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Mercury Insurance chair puts $8 mil into initiative

By Josh Richman
Monday, September 12th, 2011 at 12:25 pm in ballot measures, campaign finance.

Ready for a redux of last year’s narrowly unsuccessful Proposition 17, Mercury Insurance Chairman George Joseph has just dumped almost $8.1 million into a nascent ballot measure campaign.

The Secretary of State’s campaign finance database shows a $8,077,126.97 contribution from Joseph to the 2012 Auto Insurance Discount Act was made with an Aug. 26 transaction date and a Sept. 9 filing date. That’s atop $150,000 Joseph had given earlier.

That means this proposed ballot measure already has half the funding that was raised in total to support Prop. 17. Joseph appears to be the only donor to the committee so far.

Like Prop. 17, this measure would repeal state law’s prohibition – enacted under Proposition 103 of 1988 – on insurance companies from considering a driver’s coverage history when a motorist applies for insurance. Here’s the Attorney General’s official title and summary:

CHANGES LAW TO ALLOW AUTO INSURANCE COMPANIES TO SET PRICES BASED ON A DRIVER’S HISTORY OF INSURANCE COVERAGE. INITIATIVE STATUTE. Changes current law to permit insurance companies to set prices based on whether the driver previously carried auto insurance with any insurance company. Allows insurance companies to give proportional discounts to drivers with some prior insurance coverage. Will allow insurance companies to increase cost of insurance to drivers who have not maintained continuous coverage. Treats drivers with lapse as continuously covered if lapse is due to military service or loss of employment, or if lapse is less than 90 days. Summary of estimate by Legislative Analyst and Director of Finance of fiscal impact on state and local government: Probably no significant fiscal effect on state insurance premium tax revenues. (11-0013.)

Mercury Insurance, which bankrolled Prop. 17, has said such a measure would let insurers give “persistency discounts” to new customers who have had continuous or nearly continuous auto insurance coverage in the past. Current law lets insurers offer such discounts to its own customers but not to new customers who had continuous coverage for some period of time but from a different auto insurance company.

But there’s a flip side, consumer advocates opposing such measures warn: higher rates for customers without a history of continuous insurance. They say Mercury Insurance already levies surcharges on customers in other states who have had a lapse in their coverage – perhaps including students who went away to college, mass-transit commuters and the long-term unemployed – and so can be expected to do the same in California if such a measure passes.

Prop. 17 was defeated in June 2010, 51.9 percent “yes” to 48.1 percent “no.”

“Mercury Chairman George Joseph does not care that voters already rejected his deceptive campaign in 2010. He is determined to destroy consumer protections that have saved California drivers over $62 billion,” Brian Stedge of Consumer Watchdog said in a news release. “The question is simple, would an insurance chairman spend over $8 million to give drivers a discount? The truth is that Mercury will spend tens of millions of dollars in order to raise prices, not lower them.”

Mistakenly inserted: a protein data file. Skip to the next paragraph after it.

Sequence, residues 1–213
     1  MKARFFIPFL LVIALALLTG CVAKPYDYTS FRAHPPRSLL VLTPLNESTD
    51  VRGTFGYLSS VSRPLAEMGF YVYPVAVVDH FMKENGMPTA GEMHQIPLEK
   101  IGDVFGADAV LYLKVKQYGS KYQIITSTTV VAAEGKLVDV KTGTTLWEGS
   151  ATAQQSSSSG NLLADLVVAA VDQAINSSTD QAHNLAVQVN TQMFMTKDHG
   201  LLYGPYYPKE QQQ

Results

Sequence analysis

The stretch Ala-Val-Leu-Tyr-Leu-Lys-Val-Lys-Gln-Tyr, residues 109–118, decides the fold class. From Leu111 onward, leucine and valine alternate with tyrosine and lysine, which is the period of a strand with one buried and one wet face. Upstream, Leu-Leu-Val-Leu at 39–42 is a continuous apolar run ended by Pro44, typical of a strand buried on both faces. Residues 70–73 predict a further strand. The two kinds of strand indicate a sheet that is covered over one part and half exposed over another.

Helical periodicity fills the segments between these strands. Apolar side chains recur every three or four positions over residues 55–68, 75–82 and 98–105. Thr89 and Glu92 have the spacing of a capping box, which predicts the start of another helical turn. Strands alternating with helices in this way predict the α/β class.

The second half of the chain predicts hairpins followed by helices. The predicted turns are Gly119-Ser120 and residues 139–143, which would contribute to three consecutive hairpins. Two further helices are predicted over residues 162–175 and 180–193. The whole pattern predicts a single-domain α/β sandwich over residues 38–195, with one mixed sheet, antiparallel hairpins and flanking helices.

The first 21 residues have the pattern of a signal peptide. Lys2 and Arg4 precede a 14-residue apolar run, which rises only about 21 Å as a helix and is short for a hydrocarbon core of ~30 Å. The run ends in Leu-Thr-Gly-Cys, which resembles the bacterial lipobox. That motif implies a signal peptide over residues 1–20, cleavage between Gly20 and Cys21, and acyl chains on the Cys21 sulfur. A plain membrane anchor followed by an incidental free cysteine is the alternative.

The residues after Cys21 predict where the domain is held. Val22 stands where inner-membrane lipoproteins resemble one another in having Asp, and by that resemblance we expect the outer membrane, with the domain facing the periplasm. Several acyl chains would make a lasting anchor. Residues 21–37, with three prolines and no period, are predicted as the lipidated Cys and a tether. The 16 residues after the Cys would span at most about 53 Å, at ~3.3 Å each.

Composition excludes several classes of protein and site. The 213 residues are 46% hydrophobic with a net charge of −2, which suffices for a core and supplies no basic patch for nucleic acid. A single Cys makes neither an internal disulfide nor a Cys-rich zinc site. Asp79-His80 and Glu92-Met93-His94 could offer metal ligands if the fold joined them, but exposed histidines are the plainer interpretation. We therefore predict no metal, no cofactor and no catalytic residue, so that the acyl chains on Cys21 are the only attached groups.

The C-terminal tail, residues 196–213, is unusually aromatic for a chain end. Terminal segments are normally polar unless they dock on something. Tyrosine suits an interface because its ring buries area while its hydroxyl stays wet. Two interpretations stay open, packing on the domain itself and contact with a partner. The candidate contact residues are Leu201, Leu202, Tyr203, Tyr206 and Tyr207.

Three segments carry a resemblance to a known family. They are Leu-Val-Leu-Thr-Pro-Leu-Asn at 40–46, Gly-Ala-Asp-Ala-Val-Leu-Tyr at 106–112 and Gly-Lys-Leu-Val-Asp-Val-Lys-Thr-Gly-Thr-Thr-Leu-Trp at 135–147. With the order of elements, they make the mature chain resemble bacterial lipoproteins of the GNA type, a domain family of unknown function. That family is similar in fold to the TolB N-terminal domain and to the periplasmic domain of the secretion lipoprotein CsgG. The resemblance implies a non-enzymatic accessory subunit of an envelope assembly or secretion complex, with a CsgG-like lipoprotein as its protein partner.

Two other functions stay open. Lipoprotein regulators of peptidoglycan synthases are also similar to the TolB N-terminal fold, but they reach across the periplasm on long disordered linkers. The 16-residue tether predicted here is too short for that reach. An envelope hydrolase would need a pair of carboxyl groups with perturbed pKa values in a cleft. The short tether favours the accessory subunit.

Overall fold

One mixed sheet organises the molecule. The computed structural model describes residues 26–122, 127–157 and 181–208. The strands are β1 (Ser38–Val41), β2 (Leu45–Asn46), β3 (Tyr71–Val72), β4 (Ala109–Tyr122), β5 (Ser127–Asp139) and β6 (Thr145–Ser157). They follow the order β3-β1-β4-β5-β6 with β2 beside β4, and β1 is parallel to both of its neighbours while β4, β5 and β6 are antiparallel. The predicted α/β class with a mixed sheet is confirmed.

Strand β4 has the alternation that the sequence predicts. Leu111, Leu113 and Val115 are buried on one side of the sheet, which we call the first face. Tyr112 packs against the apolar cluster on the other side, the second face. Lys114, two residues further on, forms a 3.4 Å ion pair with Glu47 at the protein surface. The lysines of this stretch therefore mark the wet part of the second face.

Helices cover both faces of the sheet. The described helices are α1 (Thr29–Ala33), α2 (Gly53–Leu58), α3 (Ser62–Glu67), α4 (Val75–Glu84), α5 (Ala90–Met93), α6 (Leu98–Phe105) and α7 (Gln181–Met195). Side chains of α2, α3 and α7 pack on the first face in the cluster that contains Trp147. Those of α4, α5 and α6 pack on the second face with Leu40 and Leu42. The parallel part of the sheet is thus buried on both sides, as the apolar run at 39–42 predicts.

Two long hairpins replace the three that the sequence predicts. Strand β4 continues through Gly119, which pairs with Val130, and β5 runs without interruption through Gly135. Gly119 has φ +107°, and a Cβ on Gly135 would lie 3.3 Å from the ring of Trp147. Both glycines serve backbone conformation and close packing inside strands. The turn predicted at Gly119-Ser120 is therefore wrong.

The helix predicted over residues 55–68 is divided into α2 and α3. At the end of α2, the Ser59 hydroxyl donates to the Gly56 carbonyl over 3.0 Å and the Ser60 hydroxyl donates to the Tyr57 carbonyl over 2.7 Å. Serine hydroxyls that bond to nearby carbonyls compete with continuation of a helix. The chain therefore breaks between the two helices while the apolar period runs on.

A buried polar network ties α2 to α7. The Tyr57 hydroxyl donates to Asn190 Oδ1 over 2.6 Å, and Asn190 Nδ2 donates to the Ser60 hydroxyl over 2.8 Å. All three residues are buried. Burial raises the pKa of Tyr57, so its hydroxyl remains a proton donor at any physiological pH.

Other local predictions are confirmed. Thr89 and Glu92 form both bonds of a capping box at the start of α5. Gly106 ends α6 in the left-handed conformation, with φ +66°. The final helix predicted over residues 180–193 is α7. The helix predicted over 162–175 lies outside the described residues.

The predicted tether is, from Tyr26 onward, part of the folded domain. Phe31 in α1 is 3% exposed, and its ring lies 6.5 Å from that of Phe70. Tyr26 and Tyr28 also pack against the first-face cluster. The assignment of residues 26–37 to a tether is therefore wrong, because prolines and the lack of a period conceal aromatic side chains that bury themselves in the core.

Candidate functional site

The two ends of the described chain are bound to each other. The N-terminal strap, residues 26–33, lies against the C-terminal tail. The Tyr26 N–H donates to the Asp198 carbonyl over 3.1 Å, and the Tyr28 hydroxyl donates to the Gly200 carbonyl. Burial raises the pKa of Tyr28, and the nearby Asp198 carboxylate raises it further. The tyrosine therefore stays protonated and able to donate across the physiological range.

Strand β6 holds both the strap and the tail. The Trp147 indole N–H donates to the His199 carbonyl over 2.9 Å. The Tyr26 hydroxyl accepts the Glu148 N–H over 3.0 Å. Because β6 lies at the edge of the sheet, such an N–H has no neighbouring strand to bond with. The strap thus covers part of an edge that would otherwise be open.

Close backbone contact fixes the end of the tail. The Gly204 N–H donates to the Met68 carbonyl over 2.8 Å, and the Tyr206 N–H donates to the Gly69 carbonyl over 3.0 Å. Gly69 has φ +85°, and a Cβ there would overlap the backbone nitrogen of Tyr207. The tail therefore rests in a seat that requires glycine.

The new ballot measure is sponsored “by the American Agents Alliance with support from California Insurance Providers for Competitive Prices and Consumer Discounts,” according to the Secretary of State’s office. Consumer Watchdog says the alliance is run by the person who served as spokesman for Prop. 17 last year, and most members of its board of directors are Mercury agents.

Supporters have until Jan. 9 to gather valid signatures from at least 504,760 registered voters in order to put the measure on next year’s ballot.

UPDATE @ 4:26 P.M.: I got a call this afternoon from Rachel Pitts of Sacramento-based Marketplace Communications, representing the committee behind this ballot measure. She said she wanted to make it clear that Joseph’s contribution was out of his personal fortune, and that Mercury Insurance itself isn’t funding the measure; she went on to give me a thumbnail profile of Joseph as a spry 90-year-old California native and World War II combat veteran who still walks to work every day, “a true California success story.”

Pitts knocked Consumer Watchdog as a special-interest group that has gotten rich from the insurance intervenor fees it created under Prop. 103, and she said it’s dirty politics for such a group to go after someone like Joseph who has done so much for California.

Perhaps more relevantly, she said this measure is significantly different than Prop. 17. For one thing, it deems continuous coverage to have existed if there was a lapse due to a person’s active military service – a change that brought servicemembers’ and veterans’ insurer USAA, which had opposed Prop. 17, into the fold for this one.

Pitts said the new measure also deems continuous coverage to have existed even if there was a lapse in coverage of up to 18 months in the last five years due to loss of employment resulting from a layoff or furlough. Young, new drivers get the same rate as their parents, she said, and drivers get a discount proportional to the amount of full years they have had insurance in the previous five years.

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